“I Timothy 3:16 says, “All Scripture is inspired by God”—therefore, the Bible is God’s Word!” This is often heard, and may initially sound good, but it is guilty of circular reasoning—“begging the question.” This logical fallacy is a tricky one, and even gets the most careful thinker from time to time. So, let’s learn to identify and avoid it, in order to have healthy conversations and find truth!
“Everyone knows…” means “What’s wrong with you for not agreeing?” This is an example of the often-heard “bandwagon” fallacy. Last week I explained this ubiquitous derailer of good conversations, and offered a number of examples. This week I’ll suggest ways to get conversations back on track when they are derailed by this error.
“But Mom, all my friends do it!” “Everyone’s switching to Right Guard!” “No one believes that anymore!” You have probably heard a child, advertiser, or friend say these things before. It may have initial appeal, but when you stop and think about it you know something is wrong with this line of thinking. These are all examples of another common logical fallacy: the “bandwagon fallacy” (or the “appeal to common practice” and the “appeal to populace” fallacies). This is a fifth way healthy discussions are shut down.
Two years ago I posted a three-part series on logical fallacies, which has been one of the most popular series to date. In the series, I discussed three ways conversations break down. The Ad Hominem, Genetic, and Red Herring Fallacies all sidetrack conversations. But there are more fallacies to be aware of and avoid. In this series, I’ll discuss three more common ways conversations are sidetracked: the “Straw Man” fallacy, the “Bandwagon” fallacy, and “Begging the Question.”
Doesn’t the amount of evil make God’s existence unlikely? Last week I discussed two problems with this objection. This week I’ll offer a third response: it is reasonable to believe God does limit evil, for our good. Though we cannot know this through empirical investigation (by looking around, as discussed last week), upon further reflection we have two good reasons to believe that God does limit evil.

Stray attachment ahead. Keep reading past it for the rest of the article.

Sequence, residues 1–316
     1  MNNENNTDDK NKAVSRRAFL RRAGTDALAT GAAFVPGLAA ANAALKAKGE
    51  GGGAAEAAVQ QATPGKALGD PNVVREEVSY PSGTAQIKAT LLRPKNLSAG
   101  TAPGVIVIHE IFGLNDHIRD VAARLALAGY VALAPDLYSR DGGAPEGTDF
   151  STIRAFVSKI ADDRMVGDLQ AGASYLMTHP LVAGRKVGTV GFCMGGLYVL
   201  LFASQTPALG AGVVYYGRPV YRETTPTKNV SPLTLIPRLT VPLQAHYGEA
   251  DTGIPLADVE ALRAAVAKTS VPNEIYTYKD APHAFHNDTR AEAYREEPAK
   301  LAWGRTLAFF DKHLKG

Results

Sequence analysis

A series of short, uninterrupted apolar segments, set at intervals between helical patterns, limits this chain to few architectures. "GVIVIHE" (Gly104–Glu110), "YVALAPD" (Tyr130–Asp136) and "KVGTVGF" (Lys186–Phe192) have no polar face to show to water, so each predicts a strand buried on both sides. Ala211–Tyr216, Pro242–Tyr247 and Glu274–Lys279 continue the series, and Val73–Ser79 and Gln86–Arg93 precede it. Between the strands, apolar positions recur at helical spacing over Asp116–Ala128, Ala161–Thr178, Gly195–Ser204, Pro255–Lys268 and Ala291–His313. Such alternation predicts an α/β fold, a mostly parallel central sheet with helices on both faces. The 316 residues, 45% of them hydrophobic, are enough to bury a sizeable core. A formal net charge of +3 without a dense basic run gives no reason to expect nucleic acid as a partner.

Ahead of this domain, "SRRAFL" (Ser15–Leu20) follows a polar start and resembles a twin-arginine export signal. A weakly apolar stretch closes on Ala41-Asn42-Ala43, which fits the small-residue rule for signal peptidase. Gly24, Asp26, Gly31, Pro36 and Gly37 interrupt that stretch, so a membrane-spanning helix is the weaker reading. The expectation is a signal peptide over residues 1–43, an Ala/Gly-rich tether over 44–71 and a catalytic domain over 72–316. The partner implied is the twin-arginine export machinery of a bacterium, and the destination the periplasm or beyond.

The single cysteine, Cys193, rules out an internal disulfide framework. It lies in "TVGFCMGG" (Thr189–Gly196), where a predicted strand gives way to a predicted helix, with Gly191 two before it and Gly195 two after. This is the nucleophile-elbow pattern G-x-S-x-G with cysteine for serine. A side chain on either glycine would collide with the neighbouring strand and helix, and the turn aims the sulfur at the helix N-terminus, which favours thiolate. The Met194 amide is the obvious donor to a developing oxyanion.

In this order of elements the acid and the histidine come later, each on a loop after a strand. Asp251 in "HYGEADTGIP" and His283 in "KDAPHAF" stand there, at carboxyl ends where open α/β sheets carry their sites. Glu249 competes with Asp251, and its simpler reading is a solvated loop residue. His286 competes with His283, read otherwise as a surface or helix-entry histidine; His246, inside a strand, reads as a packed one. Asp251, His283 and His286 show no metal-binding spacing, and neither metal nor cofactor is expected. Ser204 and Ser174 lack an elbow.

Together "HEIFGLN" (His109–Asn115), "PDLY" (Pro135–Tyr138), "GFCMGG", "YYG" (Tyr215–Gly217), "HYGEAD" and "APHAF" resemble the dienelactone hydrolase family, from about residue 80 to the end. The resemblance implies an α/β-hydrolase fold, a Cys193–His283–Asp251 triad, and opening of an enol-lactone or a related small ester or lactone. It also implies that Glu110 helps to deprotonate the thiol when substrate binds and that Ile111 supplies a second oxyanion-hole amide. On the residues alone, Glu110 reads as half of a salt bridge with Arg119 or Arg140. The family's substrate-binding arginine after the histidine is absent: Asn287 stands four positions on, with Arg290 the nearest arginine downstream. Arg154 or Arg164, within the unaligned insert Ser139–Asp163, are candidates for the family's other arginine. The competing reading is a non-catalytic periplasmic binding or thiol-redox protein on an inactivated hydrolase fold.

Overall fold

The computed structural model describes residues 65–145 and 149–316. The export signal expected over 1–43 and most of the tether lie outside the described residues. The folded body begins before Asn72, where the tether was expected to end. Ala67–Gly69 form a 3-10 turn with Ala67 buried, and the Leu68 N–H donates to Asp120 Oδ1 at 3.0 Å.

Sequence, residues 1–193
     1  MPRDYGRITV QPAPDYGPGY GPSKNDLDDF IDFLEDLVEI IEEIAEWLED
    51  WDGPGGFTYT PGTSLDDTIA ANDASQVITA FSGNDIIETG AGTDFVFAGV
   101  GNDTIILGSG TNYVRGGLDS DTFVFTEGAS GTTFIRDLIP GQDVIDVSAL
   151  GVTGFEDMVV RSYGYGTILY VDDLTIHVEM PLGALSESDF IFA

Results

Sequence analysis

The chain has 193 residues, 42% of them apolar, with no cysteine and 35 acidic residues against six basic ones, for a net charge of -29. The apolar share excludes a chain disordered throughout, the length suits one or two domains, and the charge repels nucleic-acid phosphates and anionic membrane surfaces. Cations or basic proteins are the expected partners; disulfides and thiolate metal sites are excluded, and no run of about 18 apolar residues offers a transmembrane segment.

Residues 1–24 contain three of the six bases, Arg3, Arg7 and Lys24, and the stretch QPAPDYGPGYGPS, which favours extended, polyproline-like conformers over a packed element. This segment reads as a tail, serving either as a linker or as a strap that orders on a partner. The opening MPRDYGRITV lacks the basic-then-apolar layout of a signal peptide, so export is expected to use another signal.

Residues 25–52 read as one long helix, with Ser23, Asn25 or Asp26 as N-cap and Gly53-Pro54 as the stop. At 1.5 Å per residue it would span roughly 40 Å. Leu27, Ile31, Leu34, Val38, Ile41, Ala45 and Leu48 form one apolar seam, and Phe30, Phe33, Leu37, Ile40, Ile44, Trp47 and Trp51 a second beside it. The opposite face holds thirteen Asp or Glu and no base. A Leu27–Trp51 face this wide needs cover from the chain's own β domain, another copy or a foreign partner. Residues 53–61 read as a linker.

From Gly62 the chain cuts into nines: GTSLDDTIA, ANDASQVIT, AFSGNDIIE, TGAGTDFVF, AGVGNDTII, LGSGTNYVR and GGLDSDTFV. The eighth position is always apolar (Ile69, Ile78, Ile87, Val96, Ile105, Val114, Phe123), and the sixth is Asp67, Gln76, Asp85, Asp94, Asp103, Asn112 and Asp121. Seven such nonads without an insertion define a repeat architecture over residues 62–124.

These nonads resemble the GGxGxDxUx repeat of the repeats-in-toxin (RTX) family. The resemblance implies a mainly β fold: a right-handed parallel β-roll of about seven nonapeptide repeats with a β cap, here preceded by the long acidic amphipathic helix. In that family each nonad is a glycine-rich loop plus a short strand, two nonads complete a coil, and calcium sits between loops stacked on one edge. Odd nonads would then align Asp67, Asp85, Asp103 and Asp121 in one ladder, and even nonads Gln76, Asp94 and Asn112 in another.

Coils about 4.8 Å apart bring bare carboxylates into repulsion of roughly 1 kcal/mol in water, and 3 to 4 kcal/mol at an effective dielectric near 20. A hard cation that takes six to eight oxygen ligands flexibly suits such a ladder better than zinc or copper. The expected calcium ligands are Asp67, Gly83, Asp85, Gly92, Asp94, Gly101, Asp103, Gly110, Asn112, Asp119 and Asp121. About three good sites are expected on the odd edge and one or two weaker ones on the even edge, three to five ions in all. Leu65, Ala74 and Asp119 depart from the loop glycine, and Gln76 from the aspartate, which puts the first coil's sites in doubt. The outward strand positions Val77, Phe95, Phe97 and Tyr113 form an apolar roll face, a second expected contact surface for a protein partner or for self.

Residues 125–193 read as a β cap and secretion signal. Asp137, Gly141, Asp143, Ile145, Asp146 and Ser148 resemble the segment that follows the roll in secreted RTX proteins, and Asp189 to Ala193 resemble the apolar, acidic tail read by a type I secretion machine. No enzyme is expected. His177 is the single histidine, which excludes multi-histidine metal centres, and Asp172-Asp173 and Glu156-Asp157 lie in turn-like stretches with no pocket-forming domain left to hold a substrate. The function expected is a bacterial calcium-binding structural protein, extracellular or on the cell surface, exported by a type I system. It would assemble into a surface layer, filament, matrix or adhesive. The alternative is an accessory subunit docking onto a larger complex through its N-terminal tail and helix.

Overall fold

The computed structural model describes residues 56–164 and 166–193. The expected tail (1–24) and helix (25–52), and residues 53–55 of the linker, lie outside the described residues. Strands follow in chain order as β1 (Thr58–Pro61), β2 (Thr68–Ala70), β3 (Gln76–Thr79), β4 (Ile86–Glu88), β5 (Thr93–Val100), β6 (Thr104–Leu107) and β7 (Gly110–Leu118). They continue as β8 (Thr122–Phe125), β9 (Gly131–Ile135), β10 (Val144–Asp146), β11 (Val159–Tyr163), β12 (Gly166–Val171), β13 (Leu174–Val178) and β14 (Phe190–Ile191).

We have seen God has morally sufficient reasons to allow evil. Yet why so much? Couldn’t he accomplish his purposes by allowing much less evil than we experience? Isn’t the amount of evil reason enough to not believe in God? This is a very reasonable response often offered at this point in the discussion. At least three things may be said in response.
We often say God can do anything—this is what it means for him to be “omnipotent.” But last week I argued there is something God cannot do. He cannot create people who are free and then determine what they will choose. Some object this limits God and makes him less than all-powerful. If they are right, the response to the Problem of Evil from human freedom is derailed. Is this a good objection?
If God has good reasons to permit Evil, the argument against God due to the reality of pain and suffering evaporates. There seem to be two good reasons for God, being all-good, to nevertheless allow Evil to exist. This week I’ll offer the first reason, along with an explanation of why this makes sense.
There seems to be a compelling argument that, given the reality of Evil, God does not exist. But wait—there is more to the story! If we dig a bit deeper we find a problem with one of the premises (and therefore the entailed premise and conclusion). This week I’ll begin to explore “the rest of the story.” But to do so I must first review how to evaluate arguments.